This intimacy and specialness is lost if you move to a more generalized "57 people pointed at this" networked system. That statement has very little meaning to most people because it is entirely decontextualized. What do I care what 57 random visitors thought? I only care what a stranger points at if they are pointing it out to me. It's the personal, immediate nature of the experience that makes it compelling.
Of course, the riskiness of the exchange also makes stranger-to-stranger pointing quite rare. You are more likely to point something out to a friend or companion. The better you know someone, the more you can tailor the things you point out to them in a variety of settings. When talking about the social network of people whose profiles are known to us, we are able to meaningfully abstract the pointing experience. That's where it becomes useful to send certain tidbits of information to particular people, or groups of people. The news I want to share with my rock-climbing friends is different from that I want to share with my museum friends. When I'm with them, I point out different things.
Online, people have been pushing the boundaries of both the personal and urgent nature of the pointing experience. I comfortably "point things out" to different people remotely by clipping articles, sending links, and flagging online content. I also point things out to a mass audience when I post ideas to Twitter or Facebook. While these situations appear to erode the personal, urgent requirements discussed above, the most effectively "pointed" content online is still personal and urgent. You are more likely to look at a link I send directly to you, or to a small group of people with a shared affinity including you, than one I send out to my entire network. From the urgency perspective, on Twitter (which is a kind of virtual museum we are all slowly walking through), you only have a few minutes from the time that you post something for it to be noticed before your comment is lost in the sea of others. The more the agency to act on a shared link is placed on the pointee rather than the pointer, the less likely he or she is to follow through. When you make a direct, personal, immediate appeal, you can get anyone--even a stranger's--attention.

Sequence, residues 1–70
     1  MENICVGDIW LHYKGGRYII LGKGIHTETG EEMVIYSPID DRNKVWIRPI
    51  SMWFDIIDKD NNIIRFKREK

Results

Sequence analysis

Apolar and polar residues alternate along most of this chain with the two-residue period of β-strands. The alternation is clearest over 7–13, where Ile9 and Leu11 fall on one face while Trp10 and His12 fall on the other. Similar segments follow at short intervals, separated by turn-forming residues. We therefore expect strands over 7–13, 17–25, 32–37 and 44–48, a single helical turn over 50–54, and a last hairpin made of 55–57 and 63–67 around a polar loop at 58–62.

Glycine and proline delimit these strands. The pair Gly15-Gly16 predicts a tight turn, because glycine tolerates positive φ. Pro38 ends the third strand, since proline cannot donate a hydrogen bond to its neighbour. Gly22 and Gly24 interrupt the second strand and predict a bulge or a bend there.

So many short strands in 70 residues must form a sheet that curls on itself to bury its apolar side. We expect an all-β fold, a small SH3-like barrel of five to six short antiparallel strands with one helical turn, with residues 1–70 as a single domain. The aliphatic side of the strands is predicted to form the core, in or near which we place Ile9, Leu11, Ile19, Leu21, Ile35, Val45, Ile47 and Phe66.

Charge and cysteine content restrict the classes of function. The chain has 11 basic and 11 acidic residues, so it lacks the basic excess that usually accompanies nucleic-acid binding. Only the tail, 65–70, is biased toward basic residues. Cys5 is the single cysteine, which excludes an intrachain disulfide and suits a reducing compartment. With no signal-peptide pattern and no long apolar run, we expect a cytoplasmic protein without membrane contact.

The "pointiness" of an exhibit is a metric that reflects the extent to which the content motivates visitors to share things with strangers and friends alike. What affects how likely a visitor is to point things out in an exhibit? The content certainly matters but so does the extent to which visitors feel that they are pointing things out to friends or associates rather than strangers. The better individuals can express their unique interests and orientations, the more easily they can form affinity networks with other visitors, and the more likely they are to perceive those people as less strange. To me, this exploration boils down to two design questions:
- How do we let people personalize their identity in the museum such that they feel less like strangers and more like potential associates?
- How do we design spaces that support sharing and intimacy among associated visitors?
These questions take us away from the design of nonsensical "pointing data networks" and towards something more essential: supporting interpersonal connections. If we think about network effects not in terms of data collection but in terms of a useful outcome for visitors and institutions, we can design platforms that reflect our participatory values. For some institutions or exhibits, promoting dialogue may be a value, in which case the "pointiness" of an exhibit is a useful goal to work into the design process. In other cases, other values, like creativity, authentic sharing, group collaboration, or reflection on others' experiences might be primary, in which case different platforms (and related metrics and mechanisms) would be more appropriate.
What "no-tech" visitor actions or interrelations reflect your participatory goals? How can you identify metrics for success that are not based on how many people have bought a ticket or left a comment? Design for participation in museums still struggles on the evaluative side--we don't have well-documented ways to measure how many people connect with a stranger or learn something from another visitor. "Pointiness" may be the first of many new metrics we use to understand how visitors relate to each other through museum content. What others should we consider?